Hotel Chocolat next to Curry's Digital in Coney Street is this wonderfully artistic upper floor window divided into three sections with decorated pillars to the side. I love the rounded tops of the windows and the lacework cutout of the wood above the window. Although the structure of the upper window is reflected in the lowerwindow the black paint makes it less noticeable. I just do not like too much black paint, makes places look dreary. More of the art deco tracery above Curry's Digital tomorrow.

Monday, 23 March 2009

Lift up your eyes 7

The Lecture Hall and School part of the Elim Pentecostal Church ahs now been taken on by the proprietor of the Biltmore next door after his lease on Oscar's Wine Bar was no renewed this year. There were court wrangles about ownership of the name Oscar's Wine Bar which saw the premises moved to the new location in Swinegate. Although the general theme of the building next door is carried through this door does not have an arch over it although the upper window is the same shape and size as the one next door.

Sunday, 22 March 2009

Lift up your eyes 6

Like most cities, some buildings become redundant from their original use and get recycled with another use. Even glitzy modernistic Singapore does this to a small extent but not to the extent we see it in York where we have a centuries old tradition of adapting buildings for different uses. This is a typical example, formerly the Elim Pentecostal Church in Swinegate became a restaurant called the Biltmore Bar and Grill when congregation numbers became unsustainable and the building was sold off. The contrasting brickwork around the doors and windows give the building a grand look when combined with arched brickwork above the door and the arched shape of the large upstairs window.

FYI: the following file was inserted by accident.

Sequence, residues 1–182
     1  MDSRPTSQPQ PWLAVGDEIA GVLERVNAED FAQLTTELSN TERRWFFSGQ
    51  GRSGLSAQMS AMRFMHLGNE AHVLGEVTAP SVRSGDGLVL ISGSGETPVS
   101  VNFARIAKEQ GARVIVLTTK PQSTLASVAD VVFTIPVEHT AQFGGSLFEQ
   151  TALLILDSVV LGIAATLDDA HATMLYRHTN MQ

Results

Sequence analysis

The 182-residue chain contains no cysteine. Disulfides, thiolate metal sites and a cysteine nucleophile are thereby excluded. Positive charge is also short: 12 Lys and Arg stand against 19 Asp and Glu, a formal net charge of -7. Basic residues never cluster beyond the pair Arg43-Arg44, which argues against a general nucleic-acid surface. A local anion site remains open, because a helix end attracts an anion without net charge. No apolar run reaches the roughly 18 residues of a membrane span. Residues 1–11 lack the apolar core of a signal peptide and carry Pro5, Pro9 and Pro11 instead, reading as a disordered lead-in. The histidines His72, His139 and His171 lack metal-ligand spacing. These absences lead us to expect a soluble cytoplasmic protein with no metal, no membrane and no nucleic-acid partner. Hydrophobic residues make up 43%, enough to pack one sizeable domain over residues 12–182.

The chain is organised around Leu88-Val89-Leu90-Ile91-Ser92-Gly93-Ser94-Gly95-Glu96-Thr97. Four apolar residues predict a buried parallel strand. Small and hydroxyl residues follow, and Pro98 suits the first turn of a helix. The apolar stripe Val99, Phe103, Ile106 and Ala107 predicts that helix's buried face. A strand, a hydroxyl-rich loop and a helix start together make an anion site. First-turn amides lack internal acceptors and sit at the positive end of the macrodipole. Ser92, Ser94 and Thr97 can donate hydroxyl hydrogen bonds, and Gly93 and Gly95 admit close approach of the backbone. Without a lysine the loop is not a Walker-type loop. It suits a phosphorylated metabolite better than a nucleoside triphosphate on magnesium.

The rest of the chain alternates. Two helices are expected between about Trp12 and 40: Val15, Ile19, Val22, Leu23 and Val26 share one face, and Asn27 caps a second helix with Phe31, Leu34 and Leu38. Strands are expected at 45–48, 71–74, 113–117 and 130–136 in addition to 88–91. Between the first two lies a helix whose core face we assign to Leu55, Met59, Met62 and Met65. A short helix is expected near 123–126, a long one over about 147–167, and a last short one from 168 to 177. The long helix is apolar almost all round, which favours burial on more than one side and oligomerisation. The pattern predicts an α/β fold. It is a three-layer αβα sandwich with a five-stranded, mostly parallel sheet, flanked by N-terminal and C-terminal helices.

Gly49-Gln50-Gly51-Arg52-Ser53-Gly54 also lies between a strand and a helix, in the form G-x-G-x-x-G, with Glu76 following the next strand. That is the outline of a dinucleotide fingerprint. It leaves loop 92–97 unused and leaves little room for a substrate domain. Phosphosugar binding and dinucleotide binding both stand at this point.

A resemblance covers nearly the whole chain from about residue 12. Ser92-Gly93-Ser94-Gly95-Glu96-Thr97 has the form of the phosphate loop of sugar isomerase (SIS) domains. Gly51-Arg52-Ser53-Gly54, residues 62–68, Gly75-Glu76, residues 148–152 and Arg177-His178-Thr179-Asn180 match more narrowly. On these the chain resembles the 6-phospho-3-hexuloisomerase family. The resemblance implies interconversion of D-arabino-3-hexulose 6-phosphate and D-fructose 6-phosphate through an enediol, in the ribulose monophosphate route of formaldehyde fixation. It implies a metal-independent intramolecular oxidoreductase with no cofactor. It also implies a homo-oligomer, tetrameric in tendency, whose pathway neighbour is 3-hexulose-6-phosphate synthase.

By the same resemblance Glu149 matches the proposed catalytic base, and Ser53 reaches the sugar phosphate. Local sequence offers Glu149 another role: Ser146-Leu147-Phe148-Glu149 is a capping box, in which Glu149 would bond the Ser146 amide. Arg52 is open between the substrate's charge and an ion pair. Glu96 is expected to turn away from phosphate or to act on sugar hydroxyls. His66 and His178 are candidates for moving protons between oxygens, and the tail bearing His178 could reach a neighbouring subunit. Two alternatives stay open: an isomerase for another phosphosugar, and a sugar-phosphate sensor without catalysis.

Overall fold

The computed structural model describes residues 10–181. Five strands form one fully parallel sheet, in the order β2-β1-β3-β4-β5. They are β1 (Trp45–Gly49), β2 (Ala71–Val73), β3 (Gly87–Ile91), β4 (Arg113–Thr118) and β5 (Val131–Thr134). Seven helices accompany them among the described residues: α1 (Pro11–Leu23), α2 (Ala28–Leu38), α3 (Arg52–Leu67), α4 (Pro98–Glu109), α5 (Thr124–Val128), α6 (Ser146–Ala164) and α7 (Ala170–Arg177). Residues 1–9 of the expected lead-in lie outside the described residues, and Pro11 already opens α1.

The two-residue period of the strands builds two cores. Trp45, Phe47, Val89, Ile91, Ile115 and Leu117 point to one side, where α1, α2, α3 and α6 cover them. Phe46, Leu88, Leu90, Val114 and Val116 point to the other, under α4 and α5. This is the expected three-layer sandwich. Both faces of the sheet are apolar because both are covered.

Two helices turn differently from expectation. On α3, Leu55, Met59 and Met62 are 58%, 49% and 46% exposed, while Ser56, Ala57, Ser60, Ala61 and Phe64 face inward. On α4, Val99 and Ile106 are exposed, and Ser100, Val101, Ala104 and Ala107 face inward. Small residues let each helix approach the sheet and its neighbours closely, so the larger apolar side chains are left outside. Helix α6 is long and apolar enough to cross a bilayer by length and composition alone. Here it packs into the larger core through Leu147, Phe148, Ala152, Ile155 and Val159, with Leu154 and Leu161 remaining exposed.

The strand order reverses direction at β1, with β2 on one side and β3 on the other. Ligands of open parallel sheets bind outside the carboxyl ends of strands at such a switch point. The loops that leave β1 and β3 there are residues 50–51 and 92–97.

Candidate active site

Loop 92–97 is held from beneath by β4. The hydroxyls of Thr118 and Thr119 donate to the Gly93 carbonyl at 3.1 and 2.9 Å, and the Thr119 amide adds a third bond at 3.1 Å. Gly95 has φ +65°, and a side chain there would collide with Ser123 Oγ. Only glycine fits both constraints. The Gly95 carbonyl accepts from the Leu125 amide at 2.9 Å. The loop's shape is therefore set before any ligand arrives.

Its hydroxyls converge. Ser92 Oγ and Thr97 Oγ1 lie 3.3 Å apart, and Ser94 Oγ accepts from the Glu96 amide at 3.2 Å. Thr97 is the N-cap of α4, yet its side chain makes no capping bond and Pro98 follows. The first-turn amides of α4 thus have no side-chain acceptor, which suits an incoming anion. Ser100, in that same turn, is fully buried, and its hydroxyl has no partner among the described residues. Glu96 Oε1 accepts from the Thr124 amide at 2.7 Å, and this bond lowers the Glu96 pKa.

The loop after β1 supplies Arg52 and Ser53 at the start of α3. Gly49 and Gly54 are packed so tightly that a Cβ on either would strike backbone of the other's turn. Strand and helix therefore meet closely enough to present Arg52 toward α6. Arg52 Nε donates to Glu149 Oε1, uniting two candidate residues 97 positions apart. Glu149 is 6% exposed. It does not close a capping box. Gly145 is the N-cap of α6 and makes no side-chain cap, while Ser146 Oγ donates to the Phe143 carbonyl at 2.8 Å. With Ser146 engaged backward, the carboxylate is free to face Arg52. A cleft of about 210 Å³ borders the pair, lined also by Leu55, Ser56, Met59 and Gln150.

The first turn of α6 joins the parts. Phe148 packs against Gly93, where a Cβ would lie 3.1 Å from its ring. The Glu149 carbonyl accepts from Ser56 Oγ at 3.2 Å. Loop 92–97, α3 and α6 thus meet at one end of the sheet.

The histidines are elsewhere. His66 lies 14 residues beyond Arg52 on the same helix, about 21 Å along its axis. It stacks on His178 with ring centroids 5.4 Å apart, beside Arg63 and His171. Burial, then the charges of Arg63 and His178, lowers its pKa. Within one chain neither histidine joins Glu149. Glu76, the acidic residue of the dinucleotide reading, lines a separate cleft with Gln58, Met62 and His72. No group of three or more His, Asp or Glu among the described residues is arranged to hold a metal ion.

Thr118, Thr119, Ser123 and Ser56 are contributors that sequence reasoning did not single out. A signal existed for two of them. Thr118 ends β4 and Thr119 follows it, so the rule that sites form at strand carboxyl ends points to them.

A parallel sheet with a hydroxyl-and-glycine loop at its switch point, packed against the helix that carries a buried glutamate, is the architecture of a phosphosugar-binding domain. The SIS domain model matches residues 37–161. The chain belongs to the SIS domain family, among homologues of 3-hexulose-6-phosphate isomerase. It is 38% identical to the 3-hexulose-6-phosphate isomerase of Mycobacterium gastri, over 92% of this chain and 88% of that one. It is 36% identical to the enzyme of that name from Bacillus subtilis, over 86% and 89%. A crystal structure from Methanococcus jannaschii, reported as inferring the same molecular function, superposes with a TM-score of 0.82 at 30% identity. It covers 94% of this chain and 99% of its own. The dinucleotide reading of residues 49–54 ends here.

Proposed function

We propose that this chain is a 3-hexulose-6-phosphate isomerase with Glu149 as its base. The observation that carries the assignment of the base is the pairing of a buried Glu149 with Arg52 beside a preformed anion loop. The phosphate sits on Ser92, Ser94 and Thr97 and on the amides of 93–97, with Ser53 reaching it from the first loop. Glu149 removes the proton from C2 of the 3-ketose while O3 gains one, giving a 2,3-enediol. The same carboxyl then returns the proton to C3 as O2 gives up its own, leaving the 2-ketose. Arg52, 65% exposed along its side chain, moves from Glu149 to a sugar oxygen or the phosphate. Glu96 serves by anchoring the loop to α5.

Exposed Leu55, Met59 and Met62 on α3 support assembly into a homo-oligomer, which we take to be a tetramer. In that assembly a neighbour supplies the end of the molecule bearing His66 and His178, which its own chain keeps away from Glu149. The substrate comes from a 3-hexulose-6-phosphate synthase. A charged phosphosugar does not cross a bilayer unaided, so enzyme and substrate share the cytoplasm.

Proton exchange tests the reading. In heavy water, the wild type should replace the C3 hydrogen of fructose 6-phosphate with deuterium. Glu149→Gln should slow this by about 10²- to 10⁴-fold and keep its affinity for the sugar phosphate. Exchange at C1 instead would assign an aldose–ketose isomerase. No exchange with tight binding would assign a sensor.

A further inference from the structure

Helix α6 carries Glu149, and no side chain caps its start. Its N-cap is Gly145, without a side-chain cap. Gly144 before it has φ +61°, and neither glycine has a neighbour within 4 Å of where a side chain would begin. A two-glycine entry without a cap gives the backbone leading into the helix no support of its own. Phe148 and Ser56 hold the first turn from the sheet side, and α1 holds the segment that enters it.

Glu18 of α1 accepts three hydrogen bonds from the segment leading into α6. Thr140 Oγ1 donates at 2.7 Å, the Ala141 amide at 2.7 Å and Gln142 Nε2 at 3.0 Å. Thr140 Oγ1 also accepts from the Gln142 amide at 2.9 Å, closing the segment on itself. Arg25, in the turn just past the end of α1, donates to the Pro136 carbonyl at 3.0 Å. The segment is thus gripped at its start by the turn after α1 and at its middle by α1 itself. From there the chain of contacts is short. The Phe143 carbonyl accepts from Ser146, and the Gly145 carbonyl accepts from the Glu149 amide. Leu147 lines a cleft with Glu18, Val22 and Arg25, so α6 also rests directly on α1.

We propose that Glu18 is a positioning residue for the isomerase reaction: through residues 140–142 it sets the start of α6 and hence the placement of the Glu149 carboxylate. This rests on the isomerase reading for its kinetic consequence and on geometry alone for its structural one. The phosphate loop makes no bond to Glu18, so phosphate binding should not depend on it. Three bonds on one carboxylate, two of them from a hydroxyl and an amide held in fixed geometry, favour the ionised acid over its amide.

Saturday, 21 March 2009

Lift up your eyes 5

This one is by way of a small quiz that should be very easy as there are observational clues in each of the photos that should lead you to the identity of the building. Having said that I am going to distract you by pointing out the Buddleia growing on the roof which is probably leading to the ingress of moisture into the wall causing penetrating falling damp.

The meals special offer in the window gives a clue that it is a pub and the artistic etching of the glass in the window shows an ecclesiastical symbol that should give you the name of the pub. The photo below shows the etched glass in a bit more detail.

As Rolf Harris would say"can you tell what it is yet?" Most of you will have identifed it as The Cross Keys in Goodramgate just a stone's throw from York Minster.

Thursday, 19 March 2009

Lift up your eyes 3

H Samuel have recently moved into these premises at the junction of Feasegate and Market Street which displays a marvellous combination of stonework and brickwork. Probably more valuable than the stonework inside! Opps sorry that was Ratners wasn't it!

Wednesday, 18 March 2009

Lift up your eyes 2